Many SOC estimation methods have been reported in previous literature, including the ampere-hour method, the OCV method, the model-based method, and so forth. The ampere-hour method is simple and easy to implement for the calculation of battery SOC for it takes advantage of the definition of SOC. However, it needs the prior knowledge of initial SOC and suffers from accumulated errors of noise and measurement error [30, 31]. The OCV method takes advantage of the certain relationship between SOC and SOC, and is considered to be very accurate. However, to obtain the OCV needs a long rest time, and thus it is difficult be used in real-time applications [30]. Intelligent algorithms, such as fuzzy logic, artificial neural networks, and so forth, have been studied to estimate the SOC [32, 33]. Due to the powerful ability to approximate nonlinear functions, these methods can often obtain a good estimation of SOC. However, the learning process for these methods is often quite computationally demanding and complex, which becomes difficult to be applied in online applications.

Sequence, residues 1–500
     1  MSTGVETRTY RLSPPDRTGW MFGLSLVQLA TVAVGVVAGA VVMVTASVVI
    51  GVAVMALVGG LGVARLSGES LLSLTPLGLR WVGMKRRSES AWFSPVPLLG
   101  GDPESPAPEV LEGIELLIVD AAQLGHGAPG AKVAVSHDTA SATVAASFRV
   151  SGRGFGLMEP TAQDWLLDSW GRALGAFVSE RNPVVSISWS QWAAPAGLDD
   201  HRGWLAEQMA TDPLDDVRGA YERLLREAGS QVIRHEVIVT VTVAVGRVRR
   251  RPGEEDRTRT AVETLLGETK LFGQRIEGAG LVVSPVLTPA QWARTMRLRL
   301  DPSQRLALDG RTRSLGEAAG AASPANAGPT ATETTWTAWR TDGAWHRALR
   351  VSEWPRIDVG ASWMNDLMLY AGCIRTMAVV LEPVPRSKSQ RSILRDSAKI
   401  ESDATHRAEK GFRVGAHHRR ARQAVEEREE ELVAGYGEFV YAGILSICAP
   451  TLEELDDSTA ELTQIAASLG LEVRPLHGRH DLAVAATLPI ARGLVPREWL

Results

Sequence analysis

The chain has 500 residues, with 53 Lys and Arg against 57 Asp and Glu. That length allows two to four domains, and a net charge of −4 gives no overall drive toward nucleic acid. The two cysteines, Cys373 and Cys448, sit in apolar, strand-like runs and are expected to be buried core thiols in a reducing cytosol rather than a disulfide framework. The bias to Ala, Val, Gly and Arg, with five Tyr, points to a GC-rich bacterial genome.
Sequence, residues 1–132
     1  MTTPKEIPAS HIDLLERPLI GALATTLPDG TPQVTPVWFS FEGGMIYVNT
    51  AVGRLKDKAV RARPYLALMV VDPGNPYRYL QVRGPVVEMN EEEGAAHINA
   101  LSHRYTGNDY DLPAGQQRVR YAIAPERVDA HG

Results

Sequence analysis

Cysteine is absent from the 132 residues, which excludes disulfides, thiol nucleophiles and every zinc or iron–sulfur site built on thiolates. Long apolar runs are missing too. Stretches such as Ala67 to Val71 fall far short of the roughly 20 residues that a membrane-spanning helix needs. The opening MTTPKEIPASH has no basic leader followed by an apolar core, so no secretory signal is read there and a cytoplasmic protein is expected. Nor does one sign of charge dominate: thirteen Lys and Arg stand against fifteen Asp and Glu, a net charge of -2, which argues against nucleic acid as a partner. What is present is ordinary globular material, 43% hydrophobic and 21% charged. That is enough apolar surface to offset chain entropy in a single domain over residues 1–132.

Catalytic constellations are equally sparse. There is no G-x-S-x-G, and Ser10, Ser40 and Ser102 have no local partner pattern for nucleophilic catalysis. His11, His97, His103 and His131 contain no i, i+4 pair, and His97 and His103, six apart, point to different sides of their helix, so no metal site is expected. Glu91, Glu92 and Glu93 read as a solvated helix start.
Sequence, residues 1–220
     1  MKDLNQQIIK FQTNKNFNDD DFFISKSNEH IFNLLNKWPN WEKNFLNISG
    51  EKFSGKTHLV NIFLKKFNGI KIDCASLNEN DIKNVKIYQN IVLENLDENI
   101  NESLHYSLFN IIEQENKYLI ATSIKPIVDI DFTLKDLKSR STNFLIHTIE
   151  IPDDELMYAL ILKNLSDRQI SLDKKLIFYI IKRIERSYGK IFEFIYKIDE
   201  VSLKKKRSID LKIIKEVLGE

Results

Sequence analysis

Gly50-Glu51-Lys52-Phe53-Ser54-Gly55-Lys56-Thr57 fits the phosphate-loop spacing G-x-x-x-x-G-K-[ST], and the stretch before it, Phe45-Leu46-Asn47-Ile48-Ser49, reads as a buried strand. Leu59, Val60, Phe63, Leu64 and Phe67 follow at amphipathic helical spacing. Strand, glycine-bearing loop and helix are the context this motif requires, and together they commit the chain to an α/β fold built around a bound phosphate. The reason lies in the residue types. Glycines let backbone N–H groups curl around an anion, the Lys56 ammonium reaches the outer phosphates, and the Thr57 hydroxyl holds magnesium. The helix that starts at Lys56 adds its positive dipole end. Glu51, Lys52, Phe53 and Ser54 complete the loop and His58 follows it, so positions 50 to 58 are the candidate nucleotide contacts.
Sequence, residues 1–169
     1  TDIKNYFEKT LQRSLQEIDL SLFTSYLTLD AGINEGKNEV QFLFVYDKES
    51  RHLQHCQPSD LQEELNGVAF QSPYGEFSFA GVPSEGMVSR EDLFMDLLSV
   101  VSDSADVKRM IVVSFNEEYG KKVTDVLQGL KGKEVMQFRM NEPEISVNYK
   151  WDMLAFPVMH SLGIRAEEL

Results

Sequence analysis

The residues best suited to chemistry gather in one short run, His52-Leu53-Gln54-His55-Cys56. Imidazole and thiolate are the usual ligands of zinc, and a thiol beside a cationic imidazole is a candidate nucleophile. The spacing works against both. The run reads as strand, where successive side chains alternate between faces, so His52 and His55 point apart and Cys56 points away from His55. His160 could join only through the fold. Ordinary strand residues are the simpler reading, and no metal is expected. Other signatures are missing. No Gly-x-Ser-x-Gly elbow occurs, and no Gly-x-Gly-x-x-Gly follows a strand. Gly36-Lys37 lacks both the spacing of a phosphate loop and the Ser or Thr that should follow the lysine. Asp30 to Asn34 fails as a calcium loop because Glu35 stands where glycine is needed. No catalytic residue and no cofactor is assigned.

Model-based SOC estimation methods are the most popular solutions [34-36]. The main methodology is to take advantage of both the voltage and the current of the battery. Measured currents will be applied to the model and the voltages will be calculated using the present and/or past states and parameters of the model. The errors between the calculated voltages and the measured voltages are applied to an algorithm to intelligently update the estimation states of the model. The Luenberger observer [37-39], the Kalman filter [40, 41], and the sliding mode observer [42-44], etc. could be used in such model-based SOC estimation methods.

Proposed by D. Luenberger [45] in 1966, the Luenberger observer is now widely used in different applications. Reference [37-39] introduced it to estimate the battery SOC and owned good results. The Kalman filter uses the entire observed input data and output data to find the minimum mean squared error estimation states of the true states of the li-ion batteries [41]. Essentially, the Kalman filter takes advantage of the prior input currents and output terminal voltages to obtain the Kalman gain. This Kalman gain is like the Luenberger gain, which feedbacks to correct the differences between the calculated states and the true states of the li-ion battery.

Reference [42] introduced the sliding mode observer to estimate the battery SOC. As indicated in the paper, the sliding mode observers inherited the robust properties in SOC estimation. It is robust under modeling uncertainties, but the chatter problem could not be ignored for this method. The block diagram of these methods is shown in Figure 8.